MEDIA

Updated at 7:35 p.m. ET

Mark Zuckerberg faced dozens of senators — and the American television audience — to take "hard questions" on how Facebook has handled user data and faced efforts to subvert democracy.

"We didn't take a broad enough view of our responsibility, and that was a big mistake. It was my mistake, and I'm sorry," the co-founder and CEO of Facebook, uncharacteristically wearing a suit, said in his opening remarks. "I started Facebook, I run it, and I'm responsible for what happens here."

Facebook CEO Mark Zuckerberg will face Congress in two separate hearings this week, as his company grapples with intense scrutiny over privacy and security on the social media site. It will be Zuckerberg's first appearance on Capitol Hill.

On Tuesday afternoon, more than 40 senators will crowd into a hearing room, where members of the Senate judiciary and commerce committees will have four minutes each to question Zuckerberg. A similar scene will play out Wednesday, when he is set to appear before members of House Energy and Commerce Committee.

Walk through the front door at Shawsheen Valley Technical High School in Billerica and the first thing you notice is security.

“Everyone who visits the building, when they come into this secure foyer, has to scan a driver’s license or another state-issued ID,” explains Superintendent Tim Broadrick. “It does kind of a high-level national background check.”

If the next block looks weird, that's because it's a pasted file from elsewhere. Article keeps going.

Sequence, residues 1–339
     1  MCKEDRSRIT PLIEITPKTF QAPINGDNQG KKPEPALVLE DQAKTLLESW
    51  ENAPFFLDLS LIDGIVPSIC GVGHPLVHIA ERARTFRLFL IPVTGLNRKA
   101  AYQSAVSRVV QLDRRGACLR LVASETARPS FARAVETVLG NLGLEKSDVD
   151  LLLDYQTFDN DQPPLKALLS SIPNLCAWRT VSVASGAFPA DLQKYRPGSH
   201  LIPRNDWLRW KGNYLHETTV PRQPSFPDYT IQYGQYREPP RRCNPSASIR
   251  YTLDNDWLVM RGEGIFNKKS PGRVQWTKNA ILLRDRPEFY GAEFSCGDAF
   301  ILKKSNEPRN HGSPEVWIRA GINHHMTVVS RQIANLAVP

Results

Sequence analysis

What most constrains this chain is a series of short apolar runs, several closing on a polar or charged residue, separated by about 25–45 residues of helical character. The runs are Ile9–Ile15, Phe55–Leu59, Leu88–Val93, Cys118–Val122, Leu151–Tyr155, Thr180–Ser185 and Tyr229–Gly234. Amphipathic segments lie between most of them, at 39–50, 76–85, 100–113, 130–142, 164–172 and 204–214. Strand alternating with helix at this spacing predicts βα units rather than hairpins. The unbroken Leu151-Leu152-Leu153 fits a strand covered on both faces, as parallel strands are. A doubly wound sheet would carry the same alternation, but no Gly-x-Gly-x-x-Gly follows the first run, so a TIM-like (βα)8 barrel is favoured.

ESPN has a new president. Disney, which owns the Bristol-based sports cable giant, has named James Pitaro to the job. 

Updated on March 6 at 11:45 a.m. ET

A former campaign aide to Donald Trump appears to have changed his mind and will not fight a subpoena he says he has received in the Russia investigation — after daring special counsel Robert Mueller to arrest him in multiple media appearances.

Sam Nunberg called reporters and TV news programs on Monday and said live that he'd gotten a grand jury subpoena as part of Mueller's investigation asking for communications with other people in the Trump orbit — but that he would not comply.

On Point radio host Tom Ashbrook has been dismissed from WBUR. Ashbrook, who has hosted the nationally syndicated show for 16 years, was placed on leave in December, 2017 after 11 current and former station employees filed complaints of bullying and sexual misconduct that spanned the past 10 years.

The Daily Hampshire Gazette is based in Northampton, Mass.
File photo / Daily Hampshire Gazette / gazettenet.com

We kick off this week with many questions surfacing at The Daily Hampshire Gazette, based in Northampton. Its former executive editor says he was fired for speaking out for higher pay for female journalists, but a number of his former employees are questioning his commitment to the issue. 

The Daily Hampshire Gazette is based in Northampton, Mass.
File photo / Daily Hampshire Gazette / gazettenet.com

The top editor at the Daily Hampshire Gazette and Greenfield Recorder said Wednesday he was fired for speaking out in favor of higher pay for female journalists, but his record on the issue was challenged within hours.

Steve Wynn, at right in a tie, speaks with reporters during a March 2016 press conference.
Gintautas Dumcius / Masslive / masslive.com/photos

Wynn Resorts is denying multiple allegations of sexual harassment and assault by its founder, Steve Wynn, describing it as a smear campaign related to divorce proceedings from his ex-wife.

Updated at 8:46 p.m. ET

The House passed a stopgap funding bill Thursday evening, though the measure now faces uncertainty in the Senate as Republican congressional leaders work to avert a government shutdown by late Friday night.

Republicans need 60 votes in the Senate to proceed on the four-week continuing resolution, which would extend funding only until Feb. 16. That is looking more and more difficult after most Democrats and at least three Republican senators have said they won't vote for the bill.

Pages